As Judge Breyer wrote in his opinion in the Gibney FOIA case, I suspect the American Swimming Coaches Association of “greasing the wheels” for the notorious coach’s safe harbor here. This speculation is not idle. John Leonard, the long-time executive director of ASCA, is the most truculent leader of the swimming establishment’s denial of the sport’s abuse problem and the accountability of its organizations for not stopping it.

In 2012 Leonard told me, “We do not have an organization that deals directly with children, nor is that part of our purpose in any way, shape or form.” Well, blow me down. A super-majority of the aquatics industry’s activities and revenues involve children. Could you imagine the head of the American Academy of Pediatrics arguing that it was merely a trade group of physicians?

ASCA’s business model, promoted in its publications, includes legal services for facilitating coaches’ visas. Sometimes when coaches get banned or “flagged” by USA Swimming, they remain gainfully employed through ASCA. The aforementioned Mitch Ivey wrote training manuals for ASCA for years after he was unofficially shunted from pool decks, but before he was banned. A guy named Dustin Perry, who was suspended by USA Swimming in the middle of his multi-state tour of damage, coached in Mexico during his suspension via an ASCA job posting at the program of an ASCA Hall of Fame coach, Jack Simon. (And who knows how Simon himself landed down there?)

In the Gibney case, we may or may not eventually learn that it was ASCA that engineered his U.S. coaching job offer letter at the time when he was applying for a visa, as his scandals and eventual 27-count sex crime indictment closed in on him in Ireland. What we do know is that another top Irish coach, Peter Banks, has gone from Ireland to Florida to Ireland to Florida, was on the ASCA staff during his first American stint, and presided over the expansion of ASCA coaching clinics when he was the chief of Swim Ireland.


4. In more cases than we are comfortable acknowledging, parents of the abused own a piece of the problem.

My last two bullet points make me less than popular with sports parents, too many of whom are really stage parents — vicariously dreaming of college sports scholarships or Olympic glory for their kids; all too eager to outsource their parenting to Svengali coaches; and with no interest in addressing the structural and cultural flaws of youth sports, until and unless the worst happens to their own child.

When you’ve reported as many abuse stories as I have, you are empathic regarding the horrible things that were done to young people in the name of spirited competition and, ultimately, money. However, you also become skeptical of redundant narratives of “charismatic” coaches and families who were shocked or blindsided by bad outcomes.


5. Youth sports programs shouldn’t just be better policed. They should be downsized.

Here’s where my reporting and analysis really get written out of the most popular scripts for corrective action.

I got into this subject after writing about the traumatic brain injury crisis in football. I came to call the resulting ecosystem of band-aid solutions “Concussion Inc.” — an amalgam of experts and technologies, driven by public subsidies as well as by venture capital, to devise contorted workarounds of the existential problem, which is that football kills the brain. At a point I believe we long ago passed, “more more more” is not the answer. We can’t have Medivac helicopters stationed at every football practice at our poorest high schools, which can’t even afford decent classroom supplies for their students and underpaid teachers. We need to get our public schools and our public facilities out of the football industry, and let the parents who remain determined to subject their sons to this carnage do so in private clubs.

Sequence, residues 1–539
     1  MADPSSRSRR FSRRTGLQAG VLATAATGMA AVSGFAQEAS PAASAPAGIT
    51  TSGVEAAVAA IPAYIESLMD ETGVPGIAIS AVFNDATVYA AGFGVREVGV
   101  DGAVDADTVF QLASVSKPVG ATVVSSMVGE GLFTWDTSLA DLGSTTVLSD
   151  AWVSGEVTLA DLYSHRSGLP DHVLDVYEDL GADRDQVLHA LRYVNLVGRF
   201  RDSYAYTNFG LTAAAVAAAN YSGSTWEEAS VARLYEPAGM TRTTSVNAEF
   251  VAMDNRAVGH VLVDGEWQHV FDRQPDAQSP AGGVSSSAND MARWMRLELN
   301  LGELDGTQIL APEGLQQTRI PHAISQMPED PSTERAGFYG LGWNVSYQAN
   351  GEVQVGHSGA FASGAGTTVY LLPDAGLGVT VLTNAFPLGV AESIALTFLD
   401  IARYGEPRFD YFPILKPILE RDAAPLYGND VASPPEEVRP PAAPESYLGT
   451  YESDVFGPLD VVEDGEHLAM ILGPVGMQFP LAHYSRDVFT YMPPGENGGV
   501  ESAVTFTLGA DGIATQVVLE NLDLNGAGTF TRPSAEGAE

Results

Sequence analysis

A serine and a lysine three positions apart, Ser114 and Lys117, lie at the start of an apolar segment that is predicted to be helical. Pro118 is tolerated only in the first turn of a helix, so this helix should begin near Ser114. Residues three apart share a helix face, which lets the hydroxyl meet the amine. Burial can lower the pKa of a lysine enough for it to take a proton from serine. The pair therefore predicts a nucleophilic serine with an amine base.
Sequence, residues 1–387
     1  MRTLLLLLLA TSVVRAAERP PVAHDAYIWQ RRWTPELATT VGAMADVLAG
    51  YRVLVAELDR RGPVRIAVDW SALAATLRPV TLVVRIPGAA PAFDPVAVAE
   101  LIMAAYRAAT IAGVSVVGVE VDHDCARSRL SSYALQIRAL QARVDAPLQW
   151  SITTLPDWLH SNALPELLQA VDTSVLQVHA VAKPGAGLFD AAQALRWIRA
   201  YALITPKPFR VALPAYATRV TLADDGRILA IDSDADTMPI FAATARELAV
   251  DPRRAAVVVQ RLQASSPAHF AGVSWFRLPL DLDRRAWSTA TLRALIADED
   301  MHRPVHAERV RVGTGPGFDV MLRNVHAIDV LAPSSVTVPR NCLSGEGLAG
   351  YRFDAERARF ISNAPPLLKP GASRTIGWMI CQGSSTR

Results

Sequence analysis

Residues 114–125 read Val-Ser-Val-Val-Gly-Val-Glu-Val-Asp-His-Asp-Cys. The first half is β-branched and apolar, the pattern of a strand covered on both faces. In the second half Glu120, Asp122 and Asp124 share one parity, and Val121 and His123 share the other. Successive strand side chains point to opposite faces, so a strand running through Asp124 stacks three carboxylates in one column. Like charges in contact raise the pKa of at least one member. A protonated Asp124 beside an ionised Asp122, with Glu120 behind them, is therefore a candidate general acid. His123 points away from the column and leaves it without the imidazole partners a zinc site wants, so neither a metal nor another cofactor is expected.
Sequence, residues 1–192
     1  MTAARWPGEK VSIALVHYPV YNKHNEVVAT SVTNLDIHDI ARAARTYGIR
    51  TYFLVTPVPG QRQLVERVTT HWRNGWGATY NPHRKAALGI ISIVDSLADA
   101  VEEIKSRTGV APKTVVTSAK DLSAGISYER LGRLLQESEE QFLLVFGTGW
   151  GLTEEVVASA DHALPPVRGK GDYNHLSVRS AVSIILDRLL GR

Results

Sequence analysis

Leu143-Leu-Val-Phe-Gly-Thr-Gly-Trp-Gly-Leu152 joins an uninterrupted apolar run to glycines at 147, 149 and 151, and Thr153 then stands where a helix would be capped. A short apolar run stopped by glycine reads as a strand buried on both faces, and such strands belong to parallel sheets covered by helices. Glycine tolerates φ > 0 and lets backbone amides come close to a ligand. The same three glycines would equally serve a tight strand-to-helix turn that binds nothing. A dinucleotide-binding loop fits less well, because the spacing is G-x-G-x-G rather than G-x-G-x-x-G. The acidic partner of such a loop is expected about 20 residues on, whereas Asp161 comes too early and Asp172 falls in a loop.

The story of USA Swimming and the other national sport governing bodies under siege — including USA Gymnastics, US Speedskating, and USA Taekwondo — is something akin to Child Abuse Inc. We fervently hope we can clean things up without disrupting the process that feeds us a couple of weeks of feelgood nationalistic narratives on prime time every four years. We just want to add more layers of policing to make bad outcomes somewhat less likely. First there were mandatory background checks. Then there was swimming’s new “safe sport” bureaucracy — additional highly paid employees in Colorado Springs who simply enforce the same youth athlete-unfriendly beyond-a-reasonable-doubt criminal standard that has always been used, but now is being attached to a pretty face. Then there was a report by a captive consultant whose conflict of interest was not disclosed.

And now there is the U.S. Olympic Committee’s “independent” National Center for Safe Sport, which promises the same selective and hypocritical pattern of enforcement exhibited by the U.S. Anti-Doping Agency. Indeed, the chief executive of USADA, Travis Tygart, cut his teeth as an abuse cover-up lawyer for USA Swimming before he made his name as the man who exposed Lance Armstrong for using PED’s during his record run at the Tour de France.

Here’s a better idea: let’s divorce the basics of swimming instruction and recreational swimming from USA Swimming’s professional ultra-competitive gold medal development program.

The 400,000 competitive youth swimmers and their 12,000 coaches who participate in the after-school practices and weekend meets that are a staple of Americana provide the Olympic movement, the most ambitious coaches, and the bloated and overpaid Colorado headquarters with economies of scale, artificially deflated rent at public aquatic complexes, and the free labor of parent volunteers.

Unfortunately, what all but a few get in return for all this Olympic-track infrastructure sometimes comes down to just the fantasy of envisioning one’s face on a cereal box — plus abuse and abuse denial.

So, taking my cue from the American Swimming Coaches Association’s Leonard, I say we should get USA Swimming out of the kid business. Just make it the swimming business, without the barnacles of a top-to-bottom “national sport governing” body under the auspices of the Amateur Sports Act.

Either empower this ersatz nonprofit to get it right — or take away the tools that make it an Olympic development program without child safety.

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Concussion Inc. - Author Irvin Muchnick